To Thomas Life
Extract: Papers of the Earl of Dartmouth deposited in the Staffordshire County Record Office
Philadelphia June 5. 1775.
I have just received your Favor of April 5. giving me an Account of the Progress of my Suit.5 I called at your House just before I came away to settle Matters with You, and it was no small Disappointment to me that I did not meet with You. I did then propose returning in October, but I find Things here in such a Situation, that I now think it not likely I shall ever again see England, Hostilities being commenced by General Gage against America, and a Civil War begun, which I have no Chance of living to see the End of, being 70. Years of Age: So it seems not worth while to proceed in the Appeal to the House of Lords; especially as from the Troubles in New England, I am not likely to receive any Reimbursement of the Expence.6 I have already written to You, that upon Sight of Your Bill I shall punctually discharge it; And I desire You to withdraw the Petition.
Extract. To Thomas Life Esqr.
Docketed: Philadelphia, June 5. 1775 Extract of a Letter from Dr. Benjamin Franklin to Thomas Life Esqr.
5. For developments in William Whately’s Chancery suit against BF see the headnote above, XXI, 200–1. Life’s letter, now missing, is summarized in his accounts; it reported an order from the Lord Chancellor on the argument over the exceptions that BF’s counsel had made to the report of the Master in Chancery. The matter came before the court on March 27, and the final argument was held on June 14: Mass. Hist. Soc. Proc., LVI (1922–23), 111; Chancery Decrees and Orders, C 33/444/380, Public Record Office.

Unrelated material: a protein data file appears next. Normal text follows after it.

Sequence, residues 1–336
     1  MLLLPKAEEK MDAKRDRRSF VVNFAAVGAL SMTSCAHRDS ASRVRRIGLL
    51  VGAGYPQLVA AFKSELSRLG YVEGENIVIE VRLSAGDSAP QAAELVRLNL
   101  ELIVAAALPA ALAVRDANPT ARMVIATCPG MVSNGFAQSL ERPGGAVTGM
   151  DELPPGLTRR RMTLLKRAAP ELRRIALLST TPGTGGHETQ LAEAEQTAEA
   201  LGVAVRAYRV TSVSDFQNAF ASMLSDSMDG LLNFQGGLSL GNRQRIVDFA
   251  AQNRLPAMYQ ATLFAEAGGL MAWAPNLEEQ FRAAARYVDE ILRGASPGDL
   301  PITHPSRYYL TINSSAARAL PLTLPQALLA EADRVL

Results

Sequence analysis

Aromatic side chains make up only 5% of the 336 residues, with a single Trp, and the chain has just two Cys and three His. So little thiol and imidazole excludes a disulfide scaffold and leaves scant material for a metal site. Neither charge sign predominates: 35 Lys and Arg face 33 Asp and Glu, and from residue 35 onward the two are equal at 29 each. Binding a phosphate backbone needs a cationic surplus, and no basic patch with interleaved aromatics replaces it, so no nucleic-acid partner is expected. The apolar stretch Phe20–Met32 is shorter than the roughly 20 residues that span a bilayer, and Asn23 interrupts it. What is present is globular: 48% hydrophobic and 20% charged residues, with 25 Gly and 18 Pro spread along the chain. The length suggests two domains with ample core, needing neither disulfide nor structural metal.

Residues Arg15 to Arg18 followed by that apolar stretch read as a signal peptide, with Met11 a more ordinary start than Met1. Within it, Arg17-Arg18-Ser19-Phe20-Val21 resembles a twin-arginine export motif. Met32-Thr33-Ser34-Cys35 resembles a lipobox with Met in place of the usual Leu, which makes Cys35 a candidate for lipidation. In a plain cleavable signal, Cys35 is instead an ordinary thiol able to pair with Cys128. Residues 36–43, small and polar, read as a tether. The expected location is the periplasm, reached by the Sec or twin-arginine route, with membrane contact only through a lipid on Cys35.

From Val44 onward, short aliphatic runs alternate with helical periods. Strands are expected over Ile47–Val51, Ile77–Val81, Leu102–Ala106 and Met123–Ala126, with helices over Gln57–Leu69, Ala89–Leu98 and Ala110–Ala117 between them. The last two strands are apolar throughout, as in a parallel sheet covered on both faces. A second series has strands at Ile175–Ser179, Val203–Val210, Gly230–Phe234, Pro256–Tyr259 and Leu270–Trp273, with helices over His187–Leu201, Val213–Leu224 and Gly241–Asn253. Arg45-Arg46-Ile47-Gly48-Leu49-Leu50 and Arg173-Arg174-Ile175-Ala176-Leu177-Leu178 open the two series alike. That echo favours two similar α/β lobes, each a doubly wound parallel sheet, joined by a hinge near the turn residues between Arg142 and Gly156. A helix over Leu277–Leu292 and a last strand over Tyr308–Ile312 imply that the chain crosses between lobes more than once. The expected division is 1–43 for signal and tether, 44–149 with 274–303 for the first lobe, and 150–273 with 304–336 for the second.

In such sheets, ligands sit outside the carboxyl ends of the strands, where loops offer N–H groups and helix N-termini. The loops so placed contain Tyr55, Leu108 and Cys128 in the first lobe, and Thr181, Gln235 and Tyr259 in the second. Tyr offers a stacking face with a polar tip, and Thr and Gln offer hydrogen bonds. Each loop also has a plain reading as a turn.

6. BF by this time could not have returned to England without facing arrest, and an appeal to the House of Lords would have temporarily precluded that danger; see the headnote just cited. BF’s pessimism about being repaid turned out to be unwarranted; see the action of the Mass. House and Council below, Oct. 23, 1775.